A “Crabby” Diagnosis

In our #AMreport at @WCHospital, we reviewed a case of multiple myeloma.  Multiple myeloma is a plasma cell dyscrasia with a proliferation of plasma cells in the bone marrow and not in lymph nodes. Many patients with myeloma have bone pain in the back and ribs that is aggravated with movement. The resulting bone lesions are lytic and can result in hypercalcemia from the increase in osteoclastic activity mediated by RANKL. Myeloma can have many systemic effects not limited to but including a decreased anion gap due to the cationic nature of M protein leading to chloride ion retention. The treatment regimen hinges on whether a patient would be autologous stem cell transplant recipient or not, to oversimplify this flow chart below illustrates:

myeloma treatment

5 Take Home Points for plasma cell dyscrasias:
  1.  Diagnosis of multiple myeloma can be made without several lytic bone lesions: There are two important variants of multiple myeloma that must be considered, solitary bone plasmacytomas (SBP) and extramedullary plasmacytomas (EP). SBP is a single lytic bone lesion without signs of extensive bone marrow plasmacytosis. Whereas EP is usually localized to paranasal sinuses and the nasopharynx in submucosal lymphoid tissue again without bone marrow plasmacytosis. Importantly they are both highly responsive to radiation therapy.
  2. Increased risk of infections: Increases in the breakdown of normal immunoglobulins results in "immunoparesis" whereby there is hypogammaglobulinemia  and invariably impaired humoral-mediated immunity leading to increased incidences of sinupulmonary infections with organism such as pneumococcus, Staphylococcus aureus and Klebsiella pneumoniae.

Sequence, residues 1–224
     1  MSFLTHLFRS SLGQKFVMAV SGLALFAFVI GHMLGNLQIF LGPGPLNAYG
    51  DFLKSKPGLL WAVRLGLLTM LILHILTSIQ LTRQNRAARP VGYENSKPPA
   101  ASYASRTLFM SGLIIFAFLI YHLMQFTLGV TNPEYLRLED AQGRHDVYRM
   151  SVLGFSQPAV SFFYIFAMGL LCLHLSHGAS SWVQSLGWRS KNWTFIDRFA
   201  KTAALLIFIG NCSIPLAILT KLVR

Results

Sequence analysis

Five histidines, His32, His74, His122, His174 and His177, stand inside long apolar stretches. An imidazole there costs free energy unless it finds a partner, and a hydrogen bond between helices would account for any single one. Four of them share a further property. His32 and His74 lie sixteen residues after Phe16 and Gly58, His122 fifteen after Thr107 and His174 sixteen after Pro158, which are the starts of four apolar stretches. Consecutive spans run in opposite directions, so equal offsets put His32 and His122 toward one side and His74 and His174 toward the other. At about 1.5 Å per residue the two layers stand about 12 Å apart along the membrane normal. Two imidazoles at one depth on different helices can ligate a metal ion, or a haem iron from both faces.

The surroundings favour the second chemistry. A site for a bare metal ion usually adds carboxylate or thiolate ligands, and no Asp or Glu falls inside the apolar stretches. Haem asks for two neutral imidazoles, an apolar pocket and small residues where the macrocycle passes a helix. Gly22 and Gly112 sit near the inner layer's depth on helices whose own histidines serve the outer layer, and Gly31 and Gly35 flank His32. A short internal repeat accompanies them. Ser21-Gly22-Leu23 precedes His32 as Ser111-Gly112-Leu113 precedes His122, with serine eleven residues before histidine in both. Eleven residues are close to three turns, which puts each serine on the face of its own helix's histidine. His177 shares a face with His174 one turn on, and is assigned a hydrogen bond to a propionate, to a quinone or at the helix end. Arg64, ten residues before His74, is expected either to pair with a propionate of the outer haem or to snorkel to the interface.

3. The cause of renal impairment is multifactorial:  Hypercalcemia causing afferent arteriolar constriction and polyuria leading to volume contraction along with cast nephropathy from monoclonal free light chains precipitating and causing tubular obstruction can all work in concert to potentiate renal dysfunction.
  4. Use plain radiographs for skeletal survey: A bone scan in myeloma is not useful given reduced sensitivity for detecting osteolytic lesions which is typical of myeloma; the osteoblastic lesions which are seen in metastatic disease are on the contrary well-recognized in bone scans.
  5. MGUS is more common than myeloma: MGUS occurs in about 1% of the population over age 50 and roughly about 10%  of the population aged > 75. Diagnosis of MGUS is made when patients have <10% bone marrow plasma cells and < 30 g/L  of M protein and the absence of any "CRAB" (see figure 1). Roughly about 1% per year of patients with MGUS will eventually develop myeloma.
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Figure 1: An oversimplification of the diagnostic criterion for MGUS, smouldering and multiple myeloma.
Additionally the revised International Myeloma Working Group criteria now allows in addition to the classic "CRAB" features, the following three markers as “myeloma defining events” (MDEs).
  • ≥60% clonal plasma cells on bone marrow examination.
  • Serum involved /uninvolved free light chain ratio of 100 or greater, provided the absolute level of the involved free light chain is at least 100 mg/L
  • More than one focal lesion on MRI that is at least 5 mm or greater in size.
The presence of any one of these MDEs even in the absence of other "CRAB" is enough to consider a diagnosis of multiple myeloma.
Sources: http://www.ncbi.nlm.nih.gov/pubmed/19020545 (International Myeloma Working Group. International Myeloma Working Group guidelines for serum-free light chain analysis in multiple myeloma and related disorders).


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